Regression with the log-transformed LF:HF ratio was repeated in MRS-II participants. In that analysis, the LF:HF ratio was not statistically significant (OR, 1.20; 95% CI, 0.72-2.03; P = .50) (Table 2). Power to detect a significant effect in the MRS-II cohort was then calculated. Parameters used were the observed OR (1.63) of the LF:HF ratio in MRS-I, observed mean (SD) of the LF:HF ratio in MRS-I (0.36 [0.77]), no correlation between the LF:HF ratio and other covariates, and a 5% probability of PTSD under the null hypothesis of no effect of the LF:HF ratio. Power calculations suggested that 964 participants would have been required in MRS-II to achieve 80% power to detect an effect of the magnitude observed in MRS-I at P = .05. However, a meta-analysis of the weighted β values for the LF:HF ratio regression from both the MRS-I (OR, 1.63; 95% CI, 1.14-2.34) and MRS-II (OR, 1.20; 95% CI, 0.72-2.03) samples indicated that the LF:HF ratio was a statistically significant predictor of PTSD (OR, 1.47; 95% CI, 1.10-1.98; z = 2.57; P = .01) (Table 2). Figure 2 illustrates that the prevalence of postdeployment PTSD was higher in MRS-I and MRS-II participants with high (>2 SDs above the mean) predeployment LF:HF ratios (15.8% [6 of 38 participants]) compared with participants who did not have high LF:HF ratios (3.7% [78 of 2122 participants]).
When all covariates were accounted for in the multivariate logistic regression analyses for MRS-I participants, the log-transformed LF:HF ratio retained statistical significance as a predictor of PTSD group (OR, 1.57; 95% CI, 1.04-2.37; P = .03). Parameter estimates of this regression are reported in Table 3.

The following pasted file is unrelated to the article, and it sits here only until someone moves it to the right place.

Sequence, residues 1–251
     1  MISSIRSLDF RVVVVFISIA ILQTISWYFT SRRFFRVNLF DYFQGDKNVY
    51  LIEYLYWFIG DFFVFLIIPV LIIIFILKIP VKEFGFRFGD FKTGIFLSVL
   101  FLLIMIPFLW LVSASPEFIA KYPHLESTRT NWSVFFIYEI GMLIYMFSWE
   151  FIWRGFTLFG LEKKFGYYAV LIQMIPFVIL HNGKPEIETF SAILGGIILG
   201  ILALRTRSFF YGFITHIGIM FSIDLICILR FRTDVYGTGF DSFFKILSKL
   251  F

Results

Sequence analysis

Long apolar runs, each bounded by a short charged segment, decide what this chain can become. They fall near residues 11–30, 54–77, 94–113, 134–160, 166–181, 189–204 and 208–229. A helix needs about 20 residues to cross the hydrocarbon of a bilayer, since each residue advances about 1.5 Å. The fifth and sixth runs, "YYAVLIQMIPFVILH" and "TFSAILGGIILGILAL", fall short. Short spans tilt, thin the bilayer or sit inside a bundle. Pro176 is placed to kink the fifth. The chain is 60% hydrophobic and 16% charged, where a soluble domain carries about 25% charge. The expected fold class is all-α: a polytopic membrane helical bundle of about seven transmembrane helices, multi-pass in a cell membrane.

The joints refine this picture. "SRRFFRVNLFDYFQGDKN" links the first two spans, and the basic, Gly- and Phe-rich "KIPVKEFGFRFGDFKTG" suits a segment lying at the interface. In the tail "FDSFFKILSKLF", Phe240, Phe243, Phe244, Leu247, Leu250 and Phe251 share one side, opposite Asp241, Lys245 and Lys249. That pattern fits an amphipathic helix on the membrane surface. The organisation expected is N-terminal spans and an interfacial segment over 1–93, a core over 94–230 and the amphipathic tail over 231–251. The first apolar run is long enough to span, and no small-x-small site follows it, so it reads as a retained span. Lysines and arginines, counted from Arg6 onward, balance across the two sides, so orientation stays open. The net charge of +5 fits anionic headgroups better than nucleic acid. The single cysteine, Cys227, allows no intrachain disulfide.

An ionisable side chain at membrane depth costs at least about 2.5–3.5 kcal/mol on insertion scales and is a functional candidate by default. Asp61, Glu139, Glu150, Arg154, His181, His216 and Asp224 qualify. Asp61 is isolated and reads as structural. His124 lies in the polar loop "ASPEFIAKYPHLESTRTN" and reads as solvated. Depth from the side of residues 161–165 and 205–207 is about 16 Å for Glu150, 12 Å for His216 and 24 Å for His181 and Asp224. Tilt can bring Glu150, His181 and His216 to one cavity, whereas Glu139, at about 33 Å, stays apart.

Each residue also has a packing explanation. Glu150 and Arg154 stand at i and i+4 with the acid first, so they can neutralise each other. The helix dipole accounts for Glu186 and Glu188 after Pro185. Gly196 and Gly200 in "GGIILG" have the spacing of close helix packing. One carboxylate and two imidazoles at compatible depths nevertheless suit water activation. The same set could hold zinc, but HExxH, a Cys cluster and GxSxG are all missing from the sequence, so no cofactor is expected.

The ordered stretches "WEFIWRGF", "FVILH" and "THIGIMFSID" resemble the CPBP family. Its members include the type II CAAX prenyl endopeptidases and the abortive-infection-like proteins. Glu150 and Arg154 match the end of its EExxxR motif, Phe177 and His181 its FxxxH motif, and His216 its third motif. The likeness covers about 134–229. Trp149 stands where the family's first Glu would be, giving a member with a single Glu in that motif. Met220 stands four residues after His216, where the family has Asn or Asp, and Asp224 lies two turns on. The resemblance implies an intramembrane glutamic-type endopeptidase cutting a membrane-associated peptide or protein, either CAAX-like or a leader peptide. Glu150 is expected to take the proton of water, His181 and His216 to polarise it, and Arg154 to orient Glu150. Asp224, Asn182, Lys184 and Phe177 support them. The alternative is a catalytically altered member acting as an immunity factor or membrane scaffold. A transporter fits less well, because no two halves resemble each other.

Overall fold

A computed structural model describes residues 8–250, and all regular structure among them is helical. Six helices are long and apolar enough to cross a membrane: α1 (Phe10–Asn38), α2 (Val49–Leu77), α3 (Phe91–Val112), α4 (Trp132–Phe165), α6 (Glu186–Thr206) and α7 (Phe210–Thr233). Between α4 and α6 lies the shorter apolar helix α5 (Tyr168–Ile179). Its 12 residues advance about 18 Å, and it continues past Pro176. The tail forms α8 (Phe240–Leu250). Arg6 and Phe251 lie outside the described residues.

The multivariate regression model with the log-transformed LF:HF ratio was repeated in MRS-II participants. The LF:HF ratio was not statistically significant, but the meta-analysis of weighted β values for the MRS-I and MRS-II groups indicated that the LF:HF ratio was a statistically significant predictor of PTSD development (OR, 1.42; 95% CI, 1.02-1.98; z = 2.05; P = .04) (Table 3). Additional exploratory multivariate logistic regressions with the LF:HF ratio and each covariate in predicting PTSD in MRS-I and MRS-II participants are presented in the eTable in the Supplement.
Although some correlations between predeployment log-transformed LF and HF and postdeployment CAPS scores reached or approached statistical significance owing to the large sample size, the variance in symptom severity predicted by HRV was low (LF correlations with total CAPS: Pearson r = −0.06, P = .03; CAPS Avoidance-Numbing: Pearson r = −0.07, P = .02; and CAPS Arousal: Pearson r = −0.07, P = .02; HF correlations with CAPS Avoidance-Numbing: Pearson r = −0.08, P = .01 and CAPS Arousal: Pearson r = −0.06, P = .04). Post hoc correlations between HRV and other variables are presented in the eMaterial in the Supplement.
Previous cross-sectional studies11- 13,19,31 repeatedly showed that lower HRV, thought to reflect inflexibility in the ANS response, is associated with PTSD. To our knowledge, the present study is the first large-scale report of a modest association between HRV before a potentially traumatic circumstance (in this case, combat exposure) and subsequent development of PTSD. The association was not observed when examining HRV variables that putatively isolate sympathetic and parasympathetic components, in contrast to previous findings of an association between lower predeployment HF and predeployment PTSD in this MRS sample.19 Although those results suggested that, in this cohort of Marines, existing or chronic PTSD was most strongly associated with reduced parasympathetic activity, our present findings imply a role for pretrauma sympathetic activation (relative to parasympathetic activity) in influencing future vulnerability to significant trauma symptoms after combat exposure–related deployment. We did not observe meaningful correlations between HRV measures and symptom severity. Heart rate variability may not necessarily be associated with incremental changes in the severity of PTSD symptoms but may be a factor in or a harbinger for the development of the full syndrome and its associated adverse functional consequences.